Goodbye Old Email

Today marks the last time you may email my email of many years, good old, which replaced and another elal before that. Each became a spammers dream and all have now been entirely replaced by gmail accounts. I deleted three or four years worth of archives and felt so good afterwards.

So send it one last message if you like. Try to invent some new type of spam other than viagara, Rolexes, 3.25% mortgage and Canadian pharmaceuticals. A prize for the best one to use the words “maple”, “Siam”, “carboy” and “cufflink”. And see if you can top the name of one spammer today “hung monaghan”.

Scissor Sisters

Listening to this for the first time, I am struck how my Elton John, Queen and disco pre-teen pre-punk junior high self was as entirely immersed in what gay culture made it to Annapolis Valley, Nova Scotia AM radio. It does make one want to revisit the discography from Captain Fantastic… and back.

Interesting to compare the similar trajectories yet quite distinct 70s nostalgia choices of these folk, The Darkness and Franz Ferdinand.

Arar’s Plane

The New York Times reports that it has found a plane that followed the path Maher Arar has alleged he was flown to Syria for interrogation:

The discovery of the aircraft, in a database compiled from Federal Aviation Agency records, appears to corroborate part of the story Mr. Arar has told many times since his release in 2003. The records show that a Gulfstream III jet, tail number N829MG, followed a flight path matching the route he described. The flight, hopscotching from New Jersey to an airport near Washington to Maine to Rome and beyond, took place on Oct. 8, 2002, the day after Mr. Arar’s deportation order was signed.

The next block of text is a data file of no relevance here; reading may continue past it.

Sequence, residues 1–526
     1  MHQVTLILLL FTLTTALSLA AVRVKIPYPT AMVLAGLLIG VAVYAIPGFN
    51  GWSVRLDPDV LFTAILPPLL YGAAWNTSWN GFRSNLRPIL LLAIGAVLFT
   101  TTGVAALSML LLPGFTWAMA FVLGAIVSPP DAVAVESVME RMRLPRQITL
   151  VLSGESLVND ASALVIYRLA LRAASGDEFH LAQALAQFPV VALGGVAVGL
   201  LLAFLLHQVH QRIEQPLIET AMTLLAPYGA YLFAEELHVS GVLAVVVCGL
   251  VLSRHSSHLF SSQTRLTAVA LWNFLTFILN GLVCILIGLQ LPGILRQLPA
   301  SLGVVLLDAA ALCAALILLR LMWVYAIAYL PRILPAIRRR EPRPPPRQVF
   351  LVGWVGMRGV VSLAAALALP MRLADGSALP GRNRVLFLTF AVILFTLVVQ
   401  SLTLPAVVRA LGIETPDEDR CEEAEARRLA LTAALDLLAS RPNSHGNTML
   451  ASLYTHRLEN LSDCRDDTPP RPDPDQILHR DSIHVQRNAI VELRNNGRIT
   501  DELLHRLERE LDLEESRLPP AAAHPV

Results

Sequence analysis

And here it is. Old N829MG has been a lot of places. It is not registered with the FAA. In April 2003 and June 2002, it was spotted by nerds at an Airport near Amsterdam under the ownership of MJG Aviation even though in the report it is stated to be owned by Presidential Aviation as this record shows. Here are its specs. The interior was fairly new:

New Feb 2002, 14 pax interior Beige leather seats with Gold and Black accents, DVD, CD, VHS and Airshow. Fwd galley. Fwd and aft lavs. Fireblocked. Immaculate.

In October 2002, the month after Arar’s flight, it appears on this listing which I do not understand – likely more plane spotting nerds. Interesting to read this October 2001 USA Today article quoting the head of Presidential Aviation: